1.5 C warming will trigger 1,000 gigaton release of methane and carbon

By Jeremy Hance / Mongabay

While nations around the world have committed to keeping temperatures from rising 2 degrees Celsius (3.6 degrees Fahrenheit) above the pre-industrial era, new research published in Science suggests that the global climate could hit a tipping point at just 1.5 degrees Celsius (2.5 degrees Fahrenheit). Studying cave stalactites and stalagmites in Siberia, scientists found that at about 1.5 degrees Celsius the Siberian permafrost melts, potentially releasing a greenhouse gas bomb of 1,000 giga-tonnes, according to some experts.

Turning to cave formations—stalactites and stalagmites—to reconstruct past climates in Siberian Russia, the scientists found that Russia had little permafrost around 400,000 years ago when the world was about 1.5 degrees warmer than the past 10,000 years (or the length of human civilization).

“The stalactites and stalagmites from these caves are a way of looking back in time to see how warm periods similar to our modern climate affect how far permafrost extends across Siberia,” lead author Anton Vaks of Oxford University’s Department of Earth Sciences explains. The stalactites and stalagmites do not grow under permafrost conditions, but only when ice melt or rain is available. Therefore these cave formations act as signals for what past climate looked like.

According to the study, the only time the permafrost melted in the last half million years was between 424,000 and 374,000 years ago when temperatures globally hit the 1.5 degree Celsius mark. So far global temperatures have risen 0.8 degrees Celsius (1.4 degrees Fahrenheit) in just the last two hundred or so years with two thirds of that rise coming since 1980.

“As permafrost covers 24 percent of the land surface of the Northern hemisphere significant thawing could affect vast areas and release giga-tonnes of carbon,” Vaks says. Once permafrost melts, sunlight and bacteria will attack previously-frozen plant material, releasing carbon and methane into the atmosphere. Though at this point there is considerable debate about how much greenhouse gas emissions would actually hit the atmosphere.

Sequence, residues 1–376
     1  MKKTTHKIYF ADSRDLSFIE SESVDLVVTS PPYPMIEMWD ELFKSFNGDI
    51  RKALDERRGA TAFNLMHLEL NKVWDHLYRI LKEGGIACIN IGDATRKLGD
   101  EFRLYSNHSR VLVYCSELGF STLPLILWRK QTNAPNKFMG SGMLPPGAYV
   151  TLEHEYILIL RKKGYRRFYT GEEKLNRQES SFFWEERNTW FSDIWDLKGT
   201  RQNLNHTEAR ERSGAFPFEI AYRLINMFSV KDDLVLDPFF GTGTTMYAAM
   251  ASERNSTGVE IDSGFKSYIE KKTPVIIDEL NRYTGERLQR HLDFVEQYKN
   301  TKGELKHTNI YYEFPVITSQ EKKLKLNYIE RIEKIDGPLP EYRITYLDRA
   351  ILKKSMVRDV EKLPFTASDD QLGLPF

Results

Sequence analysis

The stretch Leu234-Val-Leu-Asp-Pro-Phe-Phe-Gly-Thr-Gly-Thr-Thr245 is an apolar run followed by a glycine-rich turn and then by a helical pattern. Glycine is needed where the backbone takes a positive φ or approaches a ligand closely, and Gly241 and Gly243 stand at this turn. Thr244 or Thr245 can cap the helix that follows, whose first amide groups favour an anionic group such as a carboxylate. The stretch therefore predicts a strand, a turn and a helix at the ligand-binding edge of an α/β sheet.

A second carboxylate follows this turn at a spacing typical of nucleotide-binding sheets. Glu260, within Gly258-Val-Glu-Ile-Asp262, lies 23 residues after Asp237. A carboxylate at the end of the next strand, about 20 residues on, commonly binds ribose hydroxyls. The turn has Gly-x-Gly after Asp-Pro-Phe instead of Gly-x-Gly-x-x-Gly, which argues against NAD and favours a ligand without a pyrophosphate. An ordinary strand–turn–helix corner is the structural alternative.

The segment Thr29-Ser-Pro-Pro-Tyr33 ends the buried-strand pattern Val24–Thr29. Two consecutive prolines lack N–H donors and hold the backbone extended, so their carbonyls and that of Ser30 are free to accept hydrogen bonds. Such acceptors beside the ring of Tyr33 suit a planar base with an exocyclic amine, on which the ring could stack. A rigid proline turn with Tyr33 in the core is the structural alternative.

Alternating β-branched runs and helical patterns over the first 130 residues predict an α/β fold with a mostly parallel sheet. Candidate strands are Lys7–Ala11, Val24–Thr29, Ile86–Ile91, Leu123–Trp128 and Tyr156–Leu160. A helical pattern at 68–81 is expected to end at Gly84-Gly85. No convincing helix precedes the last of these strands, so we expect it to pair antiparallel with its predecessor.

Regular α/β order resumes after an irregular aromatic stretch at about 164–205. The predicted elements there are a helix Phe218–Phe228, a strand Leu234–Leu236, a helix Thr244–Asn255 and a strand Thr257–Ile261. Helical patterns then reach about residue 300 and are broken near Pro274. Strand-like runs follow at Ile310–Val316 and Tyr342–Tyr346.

Despite such concerns, experts say that reaching, and surpassing, 1.5 degrees Celsius is practically inevitable given that global greenhouse gas emissions continue to rise year-after-year. Many emissions are considered “locked-in” since fossil fuel-driven power plants have already been built or are currently being constructed. Still, many vulnerable and island nations have called on the global target to be reduced from 2 degrees Celsius to 1.5 degrees. But even making the 2 degree target is looking increasingly unlikely, unless, perhaps, scientists literally start pulling carbon out of the atmosphere or the world’s fossil fuel plants are shut-down.

Whatever comes, the experts say it’s time to start incorporating permafrost melt into current climate models.

Read more at Mongabay: “Rise in 1.5 degrees Celsius likely to spark massive greenhouse gas release from permafrost

2 thoughts on “1.5 C warming will trigger 1,000 gigaton release of methane and carbon”

  1. So, let me get this right…if the temperature rises from the current .8C to 1.5C the permafrost will hit a tipping point and melt, releasing roughly 1,000 giga-tones of methane (which is 22 times more potent a greenhouse gas than C02) into the atmosphere. Since the global temperature is currently being raised via the rise of anthropogenic greenhouse gases (GHG’s), and there is a time-lag between temperature rise and GHG levels (temperature catching up to where these gases have set the bar, roughly a 20-30 yr. time-lag), then all we need to do to find out how close we are to this tipping point is to look at current levels of GHG’s and projections of correlating temperature rise, right? Come walk with me for a moment.